California schools use formalized standards to prevent watered-down green technology programs.
Everybody wants to be green these days, but some businesses and governments try to cheat. They implement token measures for public relations reasons that don't significantly increase energy efficiency, reduce carbon emissions or clean the environment. Many in the environmental community call it "greenwashing," said Kristin Heinen, assistant director of the Collaborative of High Performance Schools (CHPS).
The CHPS, joining public utilities, government agencies and other industries, sets the standard for green schools in California. The organization started as a project of the California Energy Commission, joining public utilities to promote greener, healthier schools in 1999. In 2001, the CHPS became a nonprofit organization.
The CHPS promotes "high-performance" standards aimed at making schools greener, healthier and more academically beneficial. To prevent greenwashing, the CHPS requires schools to clear two bars before classifying them as high-performance schools.
First, the school must meet 11 baseline standards. For example, energy efficiency must be at least 10 percent above the state's normal code requirement. After the school meets the 11 standards, it faces a point system in which it must earn 32 points to win the CHPS's endorsement. Schools earn these points for measures they take, in addition to the 11 baseline requirements in six categories. The first category is further energy efficiency. The second category is sustainable site selection, i.e., efforts to reduce hazards like erosion from water runoff. The third category is material efficiency, meaning avoiding natural resources for construction. The fourth is water usage efficiency, and the fifth is indoor environmental quality. The sixth category is policy and operation - the measures to operate and maintain the school's high-performance features.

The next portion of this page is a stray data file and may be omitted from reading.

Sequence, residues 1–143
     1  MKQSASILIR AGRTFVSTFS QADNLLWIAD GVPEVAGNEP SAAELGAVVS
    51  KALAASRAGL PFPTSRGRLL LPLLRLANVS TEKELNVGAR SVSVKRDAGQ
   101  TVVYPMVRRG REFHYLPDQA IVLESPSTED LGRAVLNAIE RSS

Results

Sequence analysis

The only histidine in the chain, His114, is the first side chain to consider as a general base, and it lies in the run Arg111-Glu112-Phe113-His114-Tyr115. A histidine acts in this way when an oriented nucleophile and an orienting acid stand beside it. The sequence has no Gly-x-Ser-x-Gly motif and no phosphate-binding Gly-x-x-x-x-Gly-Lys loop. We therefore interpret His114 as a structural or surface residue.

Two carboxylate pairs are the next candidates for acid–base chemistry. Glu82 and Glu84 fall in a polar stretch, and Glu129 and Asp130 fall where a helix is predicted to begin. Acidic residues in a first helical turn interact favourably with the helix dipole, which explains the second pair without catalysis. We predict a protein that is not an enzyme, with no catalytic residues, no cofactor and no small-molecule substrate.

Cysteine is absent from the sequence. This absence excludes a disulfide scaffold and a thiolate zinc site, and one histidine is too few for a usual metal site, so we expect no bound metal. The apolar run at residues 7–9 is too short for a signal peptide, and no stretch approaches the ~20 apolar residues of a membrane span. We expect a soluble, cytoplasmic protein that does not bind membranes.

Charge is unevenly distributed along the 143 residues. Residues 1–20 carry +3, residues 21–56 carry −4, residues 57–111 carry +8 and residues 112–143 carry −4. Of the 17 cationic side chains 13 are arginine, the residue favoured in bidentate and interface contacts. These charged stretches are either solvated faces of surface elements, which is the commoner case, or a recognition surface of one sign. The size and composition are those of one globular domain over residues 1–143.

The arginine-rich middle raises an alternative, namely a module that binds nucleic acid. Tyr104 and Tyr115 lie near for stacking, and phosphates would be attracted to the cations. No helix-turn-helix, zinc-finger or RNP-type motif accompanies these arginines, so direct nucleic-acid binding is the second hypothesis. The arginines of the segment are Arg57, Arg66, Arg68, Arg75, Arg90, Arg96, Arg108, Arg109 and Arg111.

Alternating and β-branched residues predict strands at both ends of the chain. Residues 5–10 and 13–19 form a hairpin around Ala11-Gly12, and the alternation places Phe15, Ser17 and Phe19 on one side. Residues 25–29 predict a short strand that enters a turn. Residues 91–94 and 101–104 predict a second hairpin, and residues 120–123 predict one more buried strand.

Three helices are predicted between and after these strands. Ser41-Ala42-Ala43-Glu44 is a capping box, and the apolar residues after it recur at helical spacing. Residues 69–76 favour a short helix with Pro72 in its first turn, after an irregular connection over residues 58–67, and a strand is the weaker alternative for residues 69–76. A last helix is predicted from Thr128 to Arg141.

A school could accrue all 32 points from just a few of those categories, or from all of them.
"It's really flexible for school districts," Heinen said. "Something that is really easy in Los Angeles could be really difficult for school districts in the central valley or the [San Francisco] Bay Area. It allows school districts to choose which points or features work best for their climate or local priorities. Obviously water is a bigger issue in Los Angeles than in the Bay Area. Los Angeles might want to choose more water efficiency credits."
More than 25 CHPS schools have finished construction so far, with another 100 under way. Several other states now pursue the CHPS's guidance on school construction. The organization will go national in 2008.
What's Considered "High Performance"
In addition to green efforts, the CHPS requires measures to promote a healthy environment, like using paint, carpet and flooring with low emissions of harmful toxins.
"We have some pretty strict standards on ventilation in the classroom to make sure there is plenty of fresh air coming in," Heinen said. "If you're in a classroom with 30 kids, and one of them is sick, with poor ventilation, there is a higher chance all the other kids will get sick."